About the word ‘clarity’. Dance in Close-Up provides a new definition of the word – clarity sharp enough that it could cut glass. Or a clarity that perhaps is glass – even if not fully transparent – which allows us to try and visualise the perfection and embodiment of technique.

It’s not perfection that aims to please just for pleasure’s sake. It’s not a surprise that there are no smiles to be found in the pages of this book. Only one image comes even close: a male dancer has a Mona Lisa smirk on his face as he grips his thick belt with one hand and unzips his fly with the other, a fantasy flash of smooth, flawless nude skin. This is a sexy, sly nod to the provocateur nature of Van Manen and Olaf. (A clenched fist rising from the triangle crotch where two legs meet seals the deal.) Each artist heightens the other man’s senses and invites us along for the ride.

Van Manen and Olaf know well that a body alone in a space transmits stories and two bodies ignite a chemical reaction. One body is charged. The second provides the spark. What I learned from this art project was cemented by its final photographs – the series of portraits of Van Manen’s hands. The bare essence of what you need to express anything is something that you already possess. It can even be your hand. See how this expressive body part becomes the foundational tool of an artistic practice based on movement. It’s enough to make Bruce Nauman blush. Body as a tool. Body as an instrument. You just need to learn to use it. Pay attention. And what comes after is a portrait of the two men bowing. If you didn’t know it: this publication is a performance. Their collaboration is the artistic poetry of motion. A heightening of consciousness of such a majestic speeding derived from a tiny human frame.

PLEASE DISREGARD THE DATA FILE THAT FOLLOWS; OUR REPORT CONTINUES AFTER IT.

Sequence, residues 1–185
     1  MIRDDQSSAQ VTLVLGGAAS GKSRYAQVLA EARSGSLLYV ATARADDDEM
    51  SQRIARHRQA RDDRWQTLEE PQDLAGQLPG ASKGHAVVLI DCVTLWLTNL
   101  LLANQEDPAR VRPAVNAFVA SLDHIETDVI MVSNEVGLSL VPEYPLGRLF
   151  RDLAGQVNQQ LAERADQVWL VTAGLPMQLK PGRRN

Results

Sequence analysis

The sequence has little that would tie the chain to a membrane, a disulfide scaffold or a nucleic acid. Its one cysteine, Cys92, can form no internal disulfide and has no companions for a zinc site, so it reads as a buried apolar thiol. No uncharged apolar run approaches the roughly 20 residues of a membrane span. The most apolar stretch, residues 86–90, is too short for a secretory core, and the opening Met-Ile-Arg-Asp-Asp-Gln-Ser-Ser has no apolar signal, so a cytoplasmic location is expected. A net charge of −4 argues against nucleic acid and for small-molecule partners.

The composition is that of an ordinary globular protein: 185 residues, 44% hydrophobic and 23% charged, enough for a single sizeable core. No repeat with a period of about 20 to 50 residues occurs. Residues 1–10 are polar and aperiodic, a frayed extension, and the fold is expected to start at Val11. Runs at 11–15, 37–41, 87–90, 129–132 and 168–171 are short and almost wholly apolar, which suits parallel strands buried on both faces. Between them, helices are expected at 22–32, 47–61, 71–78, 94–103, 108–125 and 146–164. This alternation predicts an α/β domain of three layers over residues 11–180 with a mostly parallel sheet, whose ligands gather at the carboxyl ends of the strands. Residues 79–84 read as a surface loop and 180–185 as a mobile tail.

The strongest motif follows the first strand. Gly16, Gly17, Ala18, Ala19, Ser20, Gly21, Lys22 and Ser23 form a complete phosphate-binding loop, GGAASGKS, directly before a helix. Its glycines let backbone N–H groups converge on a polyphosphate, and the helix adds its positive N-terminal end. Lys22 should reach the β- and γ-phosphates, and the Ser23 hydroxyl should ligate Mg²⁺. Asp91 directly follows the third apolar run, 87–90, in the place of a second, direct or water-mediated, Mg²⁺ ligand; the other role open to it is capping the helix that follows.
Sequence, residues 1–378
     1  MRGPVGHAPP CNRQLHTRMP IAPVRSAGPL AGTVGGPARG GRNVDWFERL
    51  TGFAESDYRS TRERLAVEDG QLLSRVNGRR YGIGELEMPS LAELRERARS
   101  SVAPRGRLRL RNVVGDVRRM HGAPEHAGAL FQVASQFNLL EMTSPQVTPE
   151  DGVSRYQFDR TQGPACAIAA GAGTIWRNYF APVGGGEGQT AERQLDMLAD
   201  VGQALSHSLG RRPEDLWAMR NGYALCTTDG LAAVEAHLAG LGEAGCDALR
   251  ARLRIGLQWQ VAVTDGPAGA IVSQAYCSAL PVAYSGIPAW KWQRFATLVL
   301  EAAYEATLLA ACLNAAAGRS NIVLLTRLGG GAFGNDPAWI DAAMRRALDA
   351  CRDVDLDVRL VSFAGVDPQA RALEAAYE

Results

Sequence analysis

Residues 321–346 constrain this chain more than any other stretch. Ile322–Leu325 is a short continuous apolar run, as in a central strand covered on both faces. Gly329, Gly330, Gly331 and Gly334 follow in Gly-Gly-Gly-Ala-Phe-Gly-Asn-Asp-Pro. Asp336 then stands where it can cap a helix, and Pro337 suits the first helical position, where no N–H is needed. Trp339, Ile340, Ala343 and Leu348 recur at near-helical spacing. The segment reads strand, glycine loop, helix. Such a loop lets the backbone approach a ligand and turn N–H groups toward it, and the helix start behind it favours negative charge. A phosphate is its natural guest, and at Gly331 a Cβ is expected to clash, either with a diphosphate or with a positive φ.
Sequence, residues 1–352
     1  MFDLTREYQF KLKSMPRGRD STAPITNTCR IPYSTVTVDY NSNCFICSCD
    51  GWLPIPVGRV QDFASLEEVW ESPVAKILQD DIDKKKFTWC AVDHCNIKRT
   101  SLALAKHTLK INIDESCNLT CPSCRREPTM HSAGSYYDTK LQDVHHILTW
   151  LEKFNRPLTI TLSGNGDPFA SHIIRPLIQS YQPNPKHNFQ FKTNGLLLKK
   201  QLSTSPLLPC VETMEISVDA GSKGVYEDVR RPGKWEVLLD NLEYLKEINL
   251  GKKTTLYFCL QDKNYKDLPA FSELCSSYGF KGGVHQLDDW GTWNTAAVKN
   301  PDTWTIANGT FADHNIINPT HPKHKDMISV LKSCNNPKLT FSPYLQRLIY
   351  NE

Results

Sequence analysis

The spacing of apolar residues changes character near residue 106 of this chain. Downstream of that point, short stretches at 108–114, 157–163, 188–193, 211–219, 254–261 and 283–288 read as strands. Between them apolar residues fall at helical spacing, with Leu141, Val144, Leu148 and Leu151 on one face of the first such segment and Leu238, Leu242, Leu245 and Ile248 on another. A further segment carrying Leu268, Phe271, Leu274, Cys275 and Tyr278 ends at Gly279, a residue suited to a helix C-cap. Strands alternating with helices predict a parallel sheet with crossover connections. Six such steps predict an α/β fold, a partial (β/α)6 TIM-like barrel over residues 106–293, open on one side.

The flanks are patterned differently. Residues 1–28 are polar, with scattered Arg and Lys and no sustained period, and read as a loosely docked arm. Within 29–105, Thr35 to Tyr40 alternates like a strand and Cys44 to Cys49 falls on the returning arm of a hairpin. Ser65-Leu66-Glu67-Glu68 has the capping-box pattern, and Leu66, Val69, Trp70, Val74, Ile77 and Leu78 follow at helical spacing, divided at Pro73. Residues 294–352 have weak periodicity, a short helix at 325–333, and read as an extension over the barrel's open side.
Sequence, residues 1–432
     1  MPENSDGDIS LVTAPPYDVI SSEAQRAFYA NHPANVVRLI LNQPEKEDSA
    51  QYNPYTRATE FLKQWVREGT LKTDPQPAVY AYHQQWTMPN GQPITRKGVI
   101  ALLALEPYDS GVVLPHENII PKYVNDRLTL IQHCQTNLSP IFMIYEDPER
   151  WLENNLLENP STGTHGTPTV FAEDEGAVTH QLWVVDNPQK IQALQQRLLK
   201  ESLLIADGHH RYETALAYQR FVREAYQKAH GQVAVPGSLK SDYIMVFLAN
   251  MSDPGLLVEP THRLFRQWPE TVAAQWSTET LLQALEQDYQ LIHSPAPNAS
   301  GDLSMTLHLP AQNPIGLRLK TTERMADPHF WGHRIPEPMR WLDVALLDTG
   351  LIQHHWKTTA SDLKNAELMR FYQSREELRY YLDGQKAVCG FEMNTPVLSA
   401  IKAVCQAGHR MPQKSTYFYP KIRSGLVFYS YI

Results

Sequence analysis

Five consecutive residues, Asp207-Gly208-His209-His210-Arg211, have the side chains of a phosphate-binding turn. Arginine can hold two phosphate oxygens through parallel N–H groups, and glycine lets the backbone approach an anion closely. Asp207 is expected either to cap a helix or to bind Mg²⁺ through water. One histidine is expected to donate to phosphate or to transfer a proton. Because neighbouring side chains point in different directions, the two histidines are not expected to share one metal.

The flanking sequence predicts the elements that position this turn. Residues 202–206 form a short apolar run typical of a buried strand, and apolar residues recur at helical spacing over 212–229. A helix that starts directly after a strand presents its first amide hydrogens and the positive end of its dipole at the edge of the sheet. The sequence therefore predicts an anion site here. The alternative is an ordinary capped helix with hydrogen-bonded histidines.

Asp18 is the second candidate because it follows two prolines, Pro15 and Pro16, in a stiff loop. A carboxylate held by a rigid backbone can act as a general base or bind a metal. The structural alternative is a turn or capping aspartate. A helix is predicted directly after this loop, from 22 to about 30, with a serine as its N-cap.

Michael James Gardner is an American author and editor. He’s a frequent collaborator with the Axel Vervoordt Company and has written various art books, including Living with Light and Dancer – Wim Vanlessen. His essays and articles have appeared in numerous literary journals and magazines
Déjà vu - I
12 Kleines Requiem - VI
14 Kammerballett - III
16 Kleines
Requiem - IV



© Erwin Olaf, 2022

TEXTS: Michael J. Gardner and Nina Siegal

COPY-EDITING: Cath Phillips

DESIGN: Tim Bisschop

IMAGE EDITING: Patrick Bras (Eclipse Retouch)


ERWIN OLAF: Shirley den Hartog

PUBLISHER : Gautier Platteau

PRINTING: die Keure, Bruges, Belgium BINDING: Van Mierlo, Nijmegen, the Netherlands


DIRECTORS: Hans van Manen and Erwin Olaf



HET NATIONALE BALLET: Oliver Haller and Keso Dekker

COSTUME DESIGNS: Keso Dekker, Hans van Manen and Jean Paul Vroom

STYLING ADVISOR: Monica Petit MAKE-UP: Annemiek Bohnenn and Nadia Veenhof





Ted Brandsen, Henk van Dijk, Het Nationale Ballet, Holland Festival, Hans van Manen Festival, Galerie Ron Mandos, Anna Tsygankova, Artur Shesterikov, Conor Walmsley, Constantine Allen, Daniel Robert Silva, Edo Wijnen, Elisabeth Tonev, Erica Horwood, Floor Eimers, Giorgi Potskhishvili, Jing Jing Mao, Koko Bamford, Luiza Bertho, Maia Makhateli, Martin ten Kortenaar, Nancy Burer, Nathan Brhane, Salome Leverashvili, Semyon Velichko, Timothy van Poucke and Young Gyu Choi

ISBN 978 94 6436 627 3 D/2022/11922/07 NUR 653

© Hannibal Books, 2022

All rights reserved. No part of this publication may be reproduced or transmitted in any form or by any means, electronic or mechanical, including photocopy, recording or any other information storage and retrieval system, without prior permission in writing from the publisher.